French energy giant Engie has asked the Federal Government for financial assistance to extend the lifespan of Belgium’s two nuclear plants (Doel 4 and Tihange), as well as help financing the disposal of nuclear waste.
In March, Belgium’s ministerial committee decided that the country’s nuclear energy plants would be extended until 2035, ten years longer than had previously been planned, due to ongoing uncertainty in the energy market.
The Doel 4 and Tihange 3 reactors will continue to provide 2 gigawatts of electricity to around 1.5 million homes across the country.
A 'risky' investment
Engie, the company that operates the nuclear power plants, has appealed to the government to help support the extension of the plants’ operation. Company CEO Catherine MacGregor wrote to Prime Minister Alexander De Croo, saying that decommissioning Belgium's five oldest nuclear reactors was too great a financial burden for the company alongside the necessary investment in Doel 4 and Tihange 3 reactors.
Engie fears that high electricity prices will not last indefinitely, meaning the extension of the reactors may ultimately prove unprofitable. As a result, it has appealed to the Belgian government to share the financial risks and cooperate directly with Engie in operating the nuclear power plants.
The proposed cooperation would entail both risks and rewards for the government. By financing the extension of the plants, the Federal Government would share in the profits but also any losses that the project incurs.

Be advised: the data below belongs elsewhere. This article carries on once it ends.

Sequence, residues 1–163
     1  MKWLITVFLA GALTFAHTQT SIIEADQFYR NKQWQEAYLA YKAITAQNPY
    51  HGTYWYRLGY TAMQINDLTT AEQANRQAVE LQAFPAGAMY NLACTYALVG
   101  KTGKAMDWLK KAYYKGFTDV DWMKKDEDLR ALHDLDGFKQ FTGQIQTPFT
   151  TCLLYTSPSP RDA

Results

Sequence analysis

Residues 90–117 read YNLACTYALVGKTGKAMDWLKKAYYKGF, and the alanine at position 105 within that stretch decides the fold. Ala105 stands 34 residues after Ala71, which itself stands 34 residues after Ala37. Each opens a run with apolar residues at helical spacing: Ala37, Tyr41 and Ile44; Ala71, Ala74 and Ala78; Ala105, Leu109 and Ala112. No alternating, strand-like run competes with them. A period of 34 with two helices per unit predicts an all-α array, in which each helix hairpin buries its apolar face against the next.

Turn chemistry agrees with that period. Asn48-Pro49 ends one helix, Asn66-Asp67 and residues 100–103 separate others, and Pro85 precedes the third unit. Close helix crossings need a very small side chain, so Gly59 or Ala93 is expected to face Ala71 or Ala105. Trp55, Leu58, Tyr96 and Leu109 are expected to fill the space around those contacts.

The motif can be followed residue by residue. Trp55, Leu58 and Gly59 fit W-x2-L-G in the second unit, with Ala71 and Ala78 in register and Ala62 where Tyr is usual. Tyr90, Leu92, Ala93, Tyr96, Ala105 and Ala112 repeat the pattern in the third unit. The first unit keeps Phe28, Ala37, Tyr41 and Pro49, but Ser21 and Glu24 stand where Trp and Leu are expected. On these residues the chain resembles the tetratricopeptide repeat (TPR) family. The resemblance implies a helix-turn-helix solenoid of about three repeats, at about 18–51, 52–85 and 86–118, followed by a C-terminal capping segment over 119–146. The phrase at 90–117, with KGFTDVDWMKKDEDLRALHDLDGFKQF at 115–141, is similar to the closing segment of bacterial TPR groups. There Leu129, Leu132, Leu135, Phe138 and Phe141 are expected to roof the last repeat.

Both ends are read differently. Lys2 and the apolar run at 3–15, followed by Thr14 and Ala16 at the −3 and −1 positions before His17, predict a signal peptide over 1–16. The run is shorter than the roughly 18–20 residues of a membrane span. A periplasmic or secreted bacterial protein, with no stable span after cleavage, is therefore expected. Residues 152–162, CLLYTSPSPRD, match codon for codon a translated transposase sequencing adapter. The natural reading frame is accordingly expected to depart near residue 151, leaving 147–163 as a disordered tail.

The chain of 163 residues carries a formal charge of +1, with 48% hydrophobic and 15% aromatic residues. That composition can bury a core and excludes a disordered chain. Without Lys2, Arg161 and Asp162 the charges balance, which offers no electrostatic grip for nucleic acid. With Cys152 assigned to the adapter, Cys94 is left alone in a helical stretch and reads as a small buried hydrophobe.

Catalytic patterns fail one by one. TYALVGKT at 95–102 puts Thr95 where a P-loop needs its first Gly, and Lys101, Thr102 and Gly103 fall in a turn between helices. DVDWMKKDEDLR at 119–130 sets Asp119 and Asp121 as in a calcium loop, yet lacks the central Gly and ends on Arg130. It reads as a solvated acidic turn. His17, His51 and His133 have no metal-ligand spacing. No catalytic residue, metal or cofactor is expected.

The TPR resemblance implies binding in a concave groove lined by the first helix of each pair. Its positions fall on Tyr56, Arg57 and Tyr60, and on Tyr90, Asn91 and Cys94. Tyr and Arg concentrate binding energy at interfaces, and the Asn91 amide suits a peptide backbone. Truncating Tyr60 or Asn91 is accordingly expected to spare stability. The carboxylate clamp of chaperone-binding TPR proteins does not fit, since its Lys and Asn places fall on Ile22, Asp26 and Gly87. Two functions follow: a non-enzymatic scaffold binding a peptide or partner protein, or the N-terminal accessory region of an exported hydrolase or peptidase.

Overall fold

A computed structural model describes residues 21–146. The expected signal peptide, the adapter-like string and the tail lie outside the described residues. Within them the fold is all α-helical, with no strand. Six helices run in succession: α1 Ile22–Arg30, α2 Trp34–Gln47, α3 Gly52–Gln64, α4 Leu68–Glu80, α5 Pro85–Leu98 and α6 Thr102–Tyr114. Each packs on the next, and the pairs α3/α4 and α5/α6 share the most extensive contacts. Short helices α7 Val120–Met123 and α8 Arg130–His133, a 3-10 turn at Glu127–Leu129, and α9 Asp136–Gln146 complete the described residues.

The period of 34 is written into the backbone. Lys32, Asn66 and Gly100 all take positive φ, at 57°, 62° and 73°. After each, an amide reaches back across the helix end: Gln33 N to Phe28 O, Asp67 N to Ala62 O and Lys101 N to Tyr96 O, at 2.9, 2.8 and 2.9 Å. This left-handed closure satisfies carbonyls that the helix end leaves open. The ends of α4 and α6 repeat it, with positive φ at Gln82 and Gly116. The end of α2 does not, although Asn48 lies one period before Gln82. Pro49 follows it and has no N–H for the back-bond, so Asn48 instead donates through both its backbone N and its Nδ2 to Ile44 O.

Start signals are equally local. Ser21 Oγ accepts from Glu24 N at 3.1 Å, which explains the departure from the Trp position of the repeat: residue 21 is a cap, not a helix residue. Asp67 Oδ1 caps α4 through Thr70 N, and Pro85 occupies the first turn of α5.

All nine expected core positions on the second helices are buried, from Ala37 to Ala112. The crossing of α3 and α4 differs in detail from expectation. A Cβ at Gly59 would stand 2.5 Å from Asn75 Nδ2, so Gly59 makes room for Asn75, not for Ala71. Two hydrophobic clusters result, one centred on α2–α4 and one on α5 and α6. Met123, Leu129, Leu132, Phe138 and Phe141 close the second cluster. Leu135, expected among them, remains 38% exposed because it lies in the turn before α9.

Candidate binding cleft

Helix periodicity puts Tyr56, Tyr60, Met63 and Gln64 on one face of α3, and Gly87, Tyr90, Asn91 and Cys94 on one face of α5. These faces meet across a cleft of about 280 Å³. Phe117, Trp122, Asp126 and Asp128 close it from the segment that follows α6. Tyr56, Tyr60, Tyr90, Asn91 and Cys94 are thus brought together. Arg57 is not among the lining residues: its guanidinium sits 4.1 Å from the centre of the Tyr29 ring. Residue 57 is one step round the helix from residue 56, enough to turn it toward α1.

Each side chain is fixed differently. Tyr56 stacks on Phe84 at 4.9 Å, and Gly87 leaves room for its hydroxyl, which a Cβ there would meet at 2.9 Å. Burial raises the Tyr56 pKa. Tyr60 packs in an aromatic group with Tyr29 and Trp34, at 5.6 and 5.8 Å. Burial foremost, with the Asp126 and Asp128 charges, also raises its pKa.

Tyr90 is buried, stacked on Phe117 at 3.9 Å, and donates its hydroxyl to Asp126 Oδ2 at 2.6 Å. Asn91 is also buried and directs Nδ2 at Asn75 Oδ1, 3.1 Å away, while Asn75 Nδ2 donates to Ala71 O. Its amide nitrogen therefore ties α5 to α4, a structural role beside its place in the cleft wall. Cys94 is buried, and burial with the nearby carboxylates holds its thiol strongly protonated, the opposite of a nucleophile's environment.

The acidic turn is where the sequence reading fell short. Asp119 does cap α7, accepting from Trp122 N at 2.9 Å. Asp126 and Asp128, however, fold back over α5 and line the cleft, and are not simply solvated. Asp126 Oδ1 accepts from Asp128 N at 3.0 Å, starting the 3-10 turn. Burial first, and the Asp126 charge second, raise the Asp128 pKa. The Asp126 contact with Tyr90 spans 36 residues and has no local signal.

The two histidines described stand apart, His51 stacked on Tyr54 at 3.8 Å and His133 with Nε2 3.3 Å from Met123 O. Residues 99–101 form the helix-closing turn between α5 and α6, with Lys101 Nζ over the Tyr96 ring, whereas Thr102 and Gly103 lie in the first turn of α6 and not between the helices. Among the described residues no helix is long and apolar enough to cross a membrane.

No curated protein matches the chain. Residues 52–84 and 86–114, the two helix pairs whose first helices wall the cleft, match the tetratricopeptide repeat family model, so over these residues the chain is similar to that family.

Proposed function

In reaction to the letter, De Croo reiterated the government's intention “to extend the Doel 4 and Tihange 3 nuclear power plants by ten years." At the same time, he stated that energy independence and renewable energy were at the forefront of government strategy.
Behind the scenes, however, there are signs that the government and Engie are far from any lasting agreement. Opposition from the government’s Green party coalition partners is said to be stalling negotiations.
The Green party were reluctant to accept the government’s U-turn to extend nuclear reactors in Belgium having originally spearheaded proposals to phase out nuclear energy and aim for 100% renewable energy.
Part of the original nuclear phase-out plans stipulated an increased reliance on gas-fired power stations, facilitated by the construction of several new gas power plants at Seraing, Flemalle, and Manage.
However, against the background of historical highs for gas prices, this is viewed as an increasingly poor and costly alternative to nuclear energy, not to mention the far greater environmental costs that gas power stations bring.